At last … a good display of northern lights towering up the sky.
The evening of Tuesday, September 4 provided the best aurora display I’ve seen in recent years. It was fairly bright and reached up to the zenith and beyond into the south. Colours were green, with just a hint of high-altitude red visible to the naked eye. The camera picks up the colours of an aurora better than the eye can see.
I shot this aurora from my rural backyard. The display came up quite quickly over 10 to 15 minutes starting about 11 p.m., and, as usual, started as an arc across the northeast then rose higher to cover all the northern sky up to the zenith, as shown in this horizon-to-zenith image. The light from the waning gibbous Moon just off camera to the right illuminated the foreground. The show was short-lived. By 12:30 a.m. the auroral curtains had faded into obscurity.
– Alan, September 4, 2012
Here’s the “long” version of an image I posted a few days ago. This combines 430 exposures to make one long star trail image.
A bright meteor appeared in one of the hundreds of 5-second-long exposures and registers in the composite, streaking diagonally across the star trails. The stars circle around Polaris at top. The horizontal streaks are clouds blowing from left to right across the sky during the night. The blades of the windmill in the Wintering Hills wind farm are blurring by the long exposures.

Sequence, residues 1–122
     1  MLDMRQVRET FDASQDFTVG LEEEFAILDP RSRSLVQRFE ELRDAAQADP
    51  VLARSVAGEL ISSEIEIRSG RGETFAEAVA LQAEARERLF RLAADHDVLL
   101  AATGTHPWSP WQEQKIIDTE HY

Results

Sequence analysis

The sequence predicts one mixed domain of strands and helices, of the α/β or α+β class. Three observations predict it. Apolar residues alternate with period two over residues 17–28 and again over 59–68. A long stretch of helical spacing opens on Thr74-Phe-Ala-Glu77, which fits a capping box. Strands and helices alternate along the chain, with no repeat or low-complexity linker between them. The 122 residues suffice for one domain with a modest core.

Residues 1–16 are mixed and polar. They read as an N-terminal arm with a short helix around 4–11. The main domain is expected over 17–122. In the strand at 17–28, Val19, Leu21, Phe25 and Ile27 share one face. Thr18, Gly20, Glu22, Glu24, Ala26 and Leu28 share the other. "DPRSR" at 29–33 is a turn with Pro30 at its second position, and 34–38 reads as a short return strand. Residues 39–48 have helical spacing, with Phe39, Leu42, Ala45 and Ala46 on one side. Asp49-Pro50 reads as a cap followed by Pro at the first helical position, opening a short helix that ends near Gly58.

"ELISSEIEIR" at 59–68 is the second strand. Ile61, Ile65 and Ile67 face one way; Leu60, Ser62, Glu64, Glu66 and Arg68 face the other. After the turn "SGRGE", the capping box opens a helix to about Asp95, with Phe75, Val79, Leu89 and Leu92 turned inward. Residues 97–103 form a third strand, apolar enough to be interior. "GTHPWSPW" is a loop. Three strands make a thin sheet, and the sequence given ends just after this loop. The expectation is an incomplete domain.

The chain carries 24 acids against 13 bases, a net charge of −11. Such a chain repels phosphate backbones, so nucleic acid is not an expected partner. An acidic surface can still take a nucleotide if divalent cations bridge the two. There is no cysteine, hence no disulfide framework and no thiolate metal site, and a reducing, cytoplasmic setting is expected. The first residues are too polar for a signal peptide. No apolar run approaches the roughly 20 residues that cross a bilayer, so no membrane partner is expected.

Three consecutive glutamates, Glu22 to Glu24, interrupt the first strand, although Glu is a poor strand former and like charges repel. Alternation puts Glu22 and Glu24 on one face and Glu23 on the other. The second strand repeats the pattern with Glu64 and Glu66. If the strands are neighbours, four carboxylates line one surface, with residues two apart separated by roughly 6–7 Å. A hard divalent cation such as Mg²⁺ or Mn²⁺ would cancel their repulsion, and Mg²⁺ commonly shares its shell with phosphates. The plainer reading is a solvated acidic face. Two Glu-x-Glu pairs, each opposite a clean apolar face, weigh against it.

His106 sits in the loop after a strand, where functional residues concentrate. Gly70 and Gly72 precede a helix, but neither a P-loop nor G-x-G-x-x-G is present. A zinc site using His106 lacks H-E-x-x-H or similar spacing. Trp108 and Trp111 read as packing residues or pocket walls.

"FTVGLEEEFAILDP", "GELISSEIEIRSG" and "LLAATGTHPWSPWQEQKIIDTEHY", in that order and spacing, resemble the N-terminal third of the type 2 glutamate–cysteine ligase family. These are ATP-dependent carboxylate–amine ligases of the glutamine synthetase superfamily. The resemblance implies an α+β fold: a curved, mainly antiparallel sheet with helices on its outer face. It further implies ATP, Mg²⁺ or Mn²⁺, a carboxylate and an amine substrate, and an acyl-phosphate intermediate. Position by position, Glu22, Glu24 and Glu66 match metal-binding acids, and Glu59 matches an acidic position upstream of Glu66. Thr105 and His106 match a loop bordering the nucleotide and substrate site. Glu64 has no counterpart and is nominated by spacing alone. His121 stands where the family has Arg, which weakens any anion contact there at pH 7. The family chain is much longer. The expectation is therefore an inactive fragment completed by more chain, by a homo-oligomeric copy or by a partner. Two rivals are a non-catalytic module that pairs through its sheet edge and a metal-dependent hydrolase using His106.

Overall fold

It’s been a productive few nights shooting out at the wind farm, capturing scenes of harvesting the wind!
– Alan, September 3, 2012 / © 2012 Alan Dyer
This was the Full Moon rising on the night of another much-publicized “Blue Moon.” This was moonrise on Friday, August 31, 2012.
Of course, the Moon doesn’t look blue. Indeed, smoke and dust in the air made it look a dim yellow. Though this wasn’t the official Harvest Moon (that comes next month), it should have been, as around here in southern Alberta the harvest is well underway, thus the swathed fields and hay bales.
The Full Moon sits in the blue band of Earth’s shadow, rimmed on the top by the pink twilight effect called the Belt of Venus, caused by sunlight illuminating the high atmosphere to the east.
A couple of windmills from the large Wintering Hills wind farm add to the evening scene. I’ve spent the last couple of evenings shooting in the wind farm. More images are to come!
For this image, I combined six exposures in a High Dynamic Range stack to compress the wide range of brightnesses. Boosting the colour vibrancy also brings out the twilight colours.
– Alan, August 31, 2012 / © 2012 Alan Dyer